(Low external justification=need more internal justification)

29

Dissonance effects are the strongest when (outcome is inevitable)

Ex: Female and female intimate convo

-Looked at two folders of women, then told one of them will be their partner

-Rated partner higher than other women

30

Dissonance effects are the strongest when (outcome is inevitable)

Ex: Discussion about marriage (1hr)

Dv: How many people chose the negative person

Cons:
1) Allowed to choose partner
2) Given positive partner
3) Given negative partner

then told "oops" made a mistake, everyone can choose

Results:
A lot more people given the negative person initially stayed with their negative partner because they had already experienced cognitive dissonance, convinced themselves that they weren't that bad (adjusted their attitudes to match actions/behavior)

31

The issue of external pressure?

Reward applied to motivation, will behavior stop after rewards stop?

32

External/internal interests:

Ex: Kids played w puzzles (treatment and follow up)

Cons:
1) Control: got to play
2) Ex: Got paid to play for right moves

Results:
Control played more in the follow up study, while the experimental group played less

Conclusion: External interests lowers internal interests

33

External/internal interests:

Ex: Kids Drawing

Cons:
1) Expected award
2) No award
3) Unexpected award

Follow up study:
Dv: Percent of free play spent drawing

Results:
Expected award group= lower, then no award, then unexpected award (highest)

Conclusion:
-Unexpected award group does not reduce external motivation bc while they were doing coloring they thought they were doing it for internal motivations

34

When are rewards not problematic

-When given afterwards (w/o initial knowledge of them)
-Based on quality vs just doing it
-Add a label to keep them motivated (think they are good at something)

35

Punishment

-High external= low internal

36

Punishment on internal feelings:

Ex: Toys in room, pick out favorite, told not to play w it

Cons:
1) Mild threat not to play w toy
2) Severe threat not to play w toy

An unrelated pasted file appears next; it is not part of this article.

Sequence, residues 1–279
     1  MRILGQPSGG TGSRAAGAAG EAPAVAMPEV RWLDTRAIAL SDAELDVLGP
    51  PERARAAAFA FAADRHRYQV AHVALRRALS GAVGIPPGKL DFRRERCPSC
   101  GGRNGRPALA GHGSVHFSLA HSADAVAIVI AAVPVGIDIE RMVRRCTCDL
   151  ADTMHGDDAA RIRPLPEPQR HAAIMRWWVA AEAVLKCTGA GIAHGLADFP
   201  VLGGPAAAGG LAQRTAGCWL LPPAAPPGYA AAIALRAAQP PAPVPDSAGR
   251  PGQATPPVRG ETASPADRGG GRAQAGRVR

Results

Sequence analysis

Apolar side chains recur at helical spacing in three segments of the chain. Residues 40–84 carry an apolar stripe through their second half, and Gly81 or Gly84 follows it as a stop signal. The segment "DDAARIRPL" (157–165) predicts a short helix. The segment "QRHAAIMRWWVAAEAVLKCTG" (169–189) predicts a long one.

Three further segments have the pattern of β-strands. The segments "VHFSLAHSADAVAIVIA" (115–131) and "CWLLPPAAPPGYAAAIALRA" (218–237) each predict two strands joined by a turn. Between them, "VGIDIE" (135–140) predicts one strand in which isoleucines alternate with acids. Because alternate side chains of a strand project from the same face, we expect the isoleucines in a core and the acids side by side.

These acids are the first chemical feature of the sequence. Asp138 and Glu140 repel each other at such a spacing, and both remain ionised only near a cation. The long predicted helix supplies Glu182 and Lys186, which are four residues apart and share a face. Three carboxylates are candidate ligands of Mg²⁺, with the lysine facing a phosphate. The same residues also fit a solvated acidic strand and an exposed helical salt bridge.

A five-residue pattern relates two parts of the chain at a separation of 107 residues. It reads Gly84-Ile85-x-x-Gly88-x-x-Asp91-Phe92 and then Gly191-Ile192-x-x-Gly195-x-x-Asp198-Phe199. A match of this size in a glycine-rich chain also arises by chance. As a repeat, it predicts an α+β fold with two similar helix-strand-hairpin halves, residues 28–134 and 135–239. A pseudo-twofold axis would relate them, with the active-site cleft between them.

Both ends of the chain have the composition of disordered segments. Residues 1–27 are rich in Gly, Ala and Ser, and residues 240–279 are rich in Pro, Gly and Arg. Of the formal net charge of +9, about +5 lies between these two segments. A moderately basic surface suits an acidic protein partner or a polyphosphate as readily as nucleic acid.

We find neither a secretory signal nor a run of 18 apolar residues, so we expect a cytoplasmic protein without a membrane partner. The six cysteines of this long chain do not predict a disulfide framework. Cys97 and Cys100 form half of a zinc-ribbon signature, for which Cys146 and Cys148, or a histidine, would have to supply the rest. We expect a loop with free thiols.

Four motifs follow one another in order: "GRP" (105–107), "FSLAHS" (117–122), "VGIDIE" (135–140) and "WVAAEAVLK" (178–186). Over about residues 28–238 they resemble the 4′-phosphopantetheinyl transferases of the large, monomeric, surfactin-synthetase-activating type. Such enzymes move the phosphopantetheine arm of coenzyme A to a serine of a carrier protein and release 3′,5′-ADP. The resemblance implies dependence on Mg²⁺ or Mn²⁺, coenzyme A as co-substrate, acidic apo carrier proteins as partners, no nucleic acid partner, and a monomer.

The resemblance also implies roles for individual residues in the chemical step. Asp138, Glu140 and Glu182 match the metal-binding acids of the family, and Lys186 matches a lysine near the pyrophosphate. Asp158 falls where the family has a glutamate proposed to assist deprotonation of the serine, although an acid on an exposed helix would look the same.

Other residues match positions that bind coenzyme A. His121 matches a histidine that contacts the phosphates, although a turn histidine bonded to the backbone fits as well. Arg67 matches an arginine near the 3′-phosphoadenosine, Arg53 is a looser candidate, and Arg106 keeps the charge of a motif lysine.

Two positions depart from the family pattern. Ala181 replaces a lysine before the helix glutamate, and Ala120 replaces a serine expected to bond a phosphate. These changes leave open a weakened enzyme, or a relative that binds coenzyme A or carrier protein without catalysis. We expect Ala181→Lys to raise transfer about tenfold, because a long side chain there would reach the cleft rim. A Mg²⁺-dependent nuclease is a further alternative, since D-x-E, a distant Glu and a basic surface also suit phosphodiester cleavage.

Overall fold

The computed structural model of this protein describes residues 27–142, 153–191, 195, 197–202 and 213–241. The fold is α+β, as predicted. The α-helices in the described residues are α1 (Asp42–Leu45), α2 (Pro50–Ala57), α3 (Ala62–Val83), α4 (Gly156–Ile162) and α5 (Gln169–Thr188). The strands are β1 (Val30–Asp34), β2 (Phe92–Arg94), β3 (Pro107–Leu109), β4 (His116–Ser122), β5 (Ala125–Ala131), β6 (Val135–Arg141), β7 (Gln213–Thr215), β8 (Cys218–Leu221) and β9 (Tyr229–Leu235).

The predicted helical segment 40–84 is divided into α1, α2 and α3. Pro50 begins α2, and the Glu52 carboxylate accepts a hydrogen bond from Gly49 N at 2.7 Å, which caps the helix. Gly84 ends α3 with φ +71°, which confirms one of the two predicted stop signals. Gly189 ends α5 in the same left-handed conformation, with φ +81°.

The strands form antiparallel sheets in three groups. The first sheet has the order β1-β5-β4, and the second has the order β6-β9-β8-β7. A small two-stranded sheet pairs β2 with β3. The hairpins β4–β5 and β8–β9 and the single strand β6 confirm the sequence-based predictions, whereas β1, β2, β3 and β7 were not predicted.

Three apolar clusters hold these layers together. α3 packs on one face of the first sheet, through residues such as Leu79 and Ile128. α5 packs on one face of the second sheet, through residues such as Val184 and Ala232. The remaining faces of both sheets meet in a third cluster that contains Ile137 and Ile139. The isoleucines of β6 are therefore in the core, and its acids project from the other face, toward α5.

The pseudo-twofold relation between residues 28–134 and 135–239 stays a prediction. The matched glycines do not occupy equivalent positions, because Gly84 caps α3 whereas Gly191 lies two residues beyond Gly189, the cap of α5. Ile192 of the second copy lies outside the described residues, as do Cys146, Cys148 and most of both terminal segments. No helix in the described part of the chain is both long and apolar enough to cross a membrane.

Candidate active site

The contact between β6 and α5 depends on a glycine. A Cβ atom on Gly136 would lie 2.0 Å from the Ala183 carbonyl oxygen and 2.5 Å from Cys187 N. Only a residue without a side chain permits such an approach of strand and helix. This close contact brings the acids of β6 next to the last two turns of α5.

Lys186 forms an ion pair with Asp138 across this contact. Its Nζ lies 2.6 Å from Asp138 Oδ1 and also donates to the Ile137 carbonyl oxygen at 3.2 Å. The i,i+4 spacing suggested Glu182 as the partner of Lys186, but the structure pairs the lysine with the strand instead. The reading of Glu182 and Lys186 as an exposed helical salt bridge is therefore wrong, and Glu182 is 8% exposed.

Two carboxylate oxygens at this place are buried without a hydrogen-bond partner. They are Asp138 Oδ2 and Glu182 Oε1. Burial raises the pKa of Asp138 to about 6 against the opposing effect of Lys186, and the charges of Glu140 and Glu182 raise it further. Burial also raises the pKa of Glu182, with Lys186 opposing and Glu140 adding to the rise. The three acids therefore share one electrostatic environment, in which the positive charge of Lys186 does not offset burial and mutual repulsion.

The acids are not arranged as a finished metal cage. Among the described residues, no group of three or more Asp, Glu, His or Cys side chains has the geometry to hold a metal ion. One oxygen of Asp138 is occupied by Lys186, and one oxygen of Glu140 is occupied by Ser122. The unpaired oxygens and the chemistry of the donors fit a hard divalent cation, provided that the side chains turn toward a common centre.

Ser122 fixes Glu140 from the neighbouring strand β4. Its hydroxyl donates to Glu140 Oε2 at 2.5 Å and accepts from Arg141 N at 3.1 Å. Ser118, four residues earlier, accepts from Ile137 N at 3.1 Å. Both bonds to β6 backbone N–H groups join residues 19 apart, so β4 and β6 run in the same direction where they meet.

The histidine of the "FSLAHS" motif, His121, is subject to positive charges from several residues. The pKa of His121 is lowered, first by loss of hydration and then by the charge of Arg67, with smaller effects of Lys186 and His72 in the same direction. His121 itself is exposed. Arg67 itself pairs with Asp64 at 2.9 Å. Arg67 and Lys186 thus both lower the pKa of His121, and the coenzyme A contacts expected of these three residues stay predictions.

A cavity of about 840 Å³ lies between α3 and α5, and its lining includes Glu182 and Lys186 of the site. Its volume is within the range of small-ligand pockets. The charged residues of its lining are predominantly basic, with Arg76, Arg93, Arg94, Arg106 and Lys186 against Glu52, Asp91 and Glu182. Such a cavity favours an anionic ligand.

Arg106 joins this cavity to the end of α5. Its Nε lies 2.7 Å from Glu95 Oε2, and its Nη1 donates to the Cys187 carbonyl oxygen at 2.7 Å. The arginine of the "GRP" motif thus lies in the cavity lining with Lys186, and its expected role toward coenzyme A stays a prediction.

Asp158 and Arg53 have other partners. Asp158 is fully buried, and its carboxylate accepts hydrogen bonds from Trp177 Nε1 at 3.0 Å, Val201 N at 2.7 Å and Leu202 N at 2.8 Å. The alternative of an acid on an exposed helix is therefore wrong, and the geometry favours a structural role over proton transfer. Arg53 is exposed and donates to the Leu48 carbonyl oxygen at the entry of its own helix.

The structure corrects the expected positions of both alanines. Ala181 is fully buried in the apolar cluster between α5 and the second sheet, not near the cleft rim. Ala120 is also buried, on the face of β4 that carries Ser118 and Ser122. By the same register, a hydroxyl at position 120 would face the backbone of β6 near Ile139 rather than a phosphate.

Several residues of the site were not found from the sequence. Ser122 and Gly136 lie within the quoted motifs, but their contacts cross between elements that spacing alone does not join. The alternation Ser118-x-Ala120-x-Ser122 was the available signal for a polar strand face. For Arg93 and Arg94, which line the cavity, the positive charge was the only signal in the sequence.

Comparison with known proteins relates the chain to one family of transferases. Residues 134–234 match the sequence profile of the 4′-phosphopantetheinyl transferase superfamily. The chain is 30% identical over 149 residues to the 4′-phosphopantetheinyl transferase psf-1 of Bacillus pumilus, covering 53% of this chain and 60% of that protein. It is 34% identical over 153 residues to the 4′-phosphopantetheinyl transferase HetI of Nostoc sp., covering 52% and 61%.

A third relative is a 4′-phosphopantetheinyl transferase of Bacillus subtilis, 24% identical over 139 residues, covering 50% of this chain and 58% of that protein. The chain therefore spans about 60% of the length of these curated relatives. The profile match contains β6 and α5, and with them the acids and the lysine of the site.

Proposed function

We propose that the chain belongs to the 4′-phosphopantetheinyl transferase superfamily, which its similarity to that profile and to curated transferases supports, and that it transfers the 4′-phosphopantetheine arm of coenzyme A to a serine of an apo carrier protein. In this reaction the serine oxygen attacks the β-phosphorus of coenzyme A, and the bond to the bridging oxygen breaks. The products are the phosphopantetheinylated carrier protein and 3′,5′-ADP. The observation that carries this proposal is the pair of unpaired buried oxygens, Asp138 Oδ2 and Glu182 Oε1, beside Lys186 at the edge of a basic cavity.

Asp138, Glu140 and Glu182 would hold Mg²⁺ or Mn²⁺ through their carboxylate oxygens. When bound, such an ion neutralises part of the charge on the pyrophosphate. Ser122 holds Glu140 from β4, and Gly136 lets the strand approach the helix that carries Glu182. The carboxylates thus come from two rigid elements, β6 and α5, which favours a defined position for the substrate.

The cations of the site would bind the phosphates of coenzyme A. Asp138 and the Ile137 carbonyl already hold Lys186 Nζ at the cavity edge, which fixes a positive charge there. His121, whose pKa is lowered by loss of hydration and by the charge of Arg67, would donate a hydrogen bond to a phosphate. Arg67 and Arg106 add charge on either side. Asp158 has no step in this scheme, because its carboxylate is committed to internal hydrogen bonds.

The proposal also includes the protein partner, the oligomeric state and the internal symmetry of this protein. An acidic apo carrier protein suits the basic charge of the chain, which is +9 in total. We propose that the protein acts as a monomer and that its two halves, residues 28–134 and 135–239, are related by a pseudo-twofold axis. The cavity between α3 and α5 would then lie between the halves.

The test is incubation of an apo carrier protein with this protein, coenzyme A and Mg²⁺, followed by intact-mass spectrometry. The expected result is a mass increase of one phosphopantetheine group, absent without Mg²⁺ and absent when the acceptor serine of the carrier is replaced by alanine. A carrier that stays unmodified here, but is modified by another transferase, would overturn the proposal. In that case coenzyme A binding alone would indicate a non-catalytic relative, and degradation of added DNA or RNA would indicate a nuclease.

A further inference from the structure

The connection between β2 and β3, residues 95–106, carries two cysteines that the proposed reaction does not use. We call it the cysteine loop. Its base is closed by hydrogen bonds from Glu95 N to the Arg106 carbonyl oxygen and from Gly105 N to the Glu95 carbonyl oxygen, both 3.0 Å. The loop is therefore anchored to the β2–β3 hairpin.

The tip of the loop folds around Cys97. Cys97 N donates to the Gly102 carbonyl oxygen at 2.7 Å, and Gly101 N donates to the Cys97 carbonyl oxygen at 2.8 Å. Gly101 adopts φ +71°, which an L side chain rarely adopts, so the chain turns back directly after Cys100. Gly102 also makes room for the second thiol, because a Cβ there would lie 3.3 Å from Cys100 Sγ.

Results:
Mild threat thought it was less or the same desirable, severe threat thought it was the same or more desirable

37

Types of influences

Compliance

Internalization

Identification

Compliance:
-Doing something to gain rewards or avoid punishment

Internalization:
-Doing something bc you've researched it well and thought it through

Identification:
-Doing something bc someone you admire does it

38

Cognitive Dissonance:

Ex: Rating of Ikea Box

Dv: Liking/value of the box

Cons:
1) Had to build it
2) Didn't build it

Results:
Builders liked the box more and thought it was worth more

Conclusion:
Builders experienced cognitive dissonance, a lot of effort went into making the box so they wanted to feel like it was worth more so their efforts were not wasted

39

Effects of self esteem on actions:

Ex: College students, card game, cheating

Coverstory:
-Told Personality was being compared w ESP, gave participants a personality test weeks prior, received it them played card game

Cons:
1) Low self esteem group: (given their personality test w (fake) poor traits
2) High self esteem group: (given their personality test w (fake) good traits
3) Neutral self esteem: Given someone else's that had (fake) neutral traits

Rested

-asked to predict if they would win the hand
-every once in a while the machine that shoots out the cards would shoot out an extra one (that rigged them to win the hand)

Results: Low self esteem people cheated most, then control, then high self esteem. (but findings were not significant)

Looking at the data a diff way:
LSE: Cheated: 13, Noncheat: 2
NSE: Cheated: 9, Noncheat: 6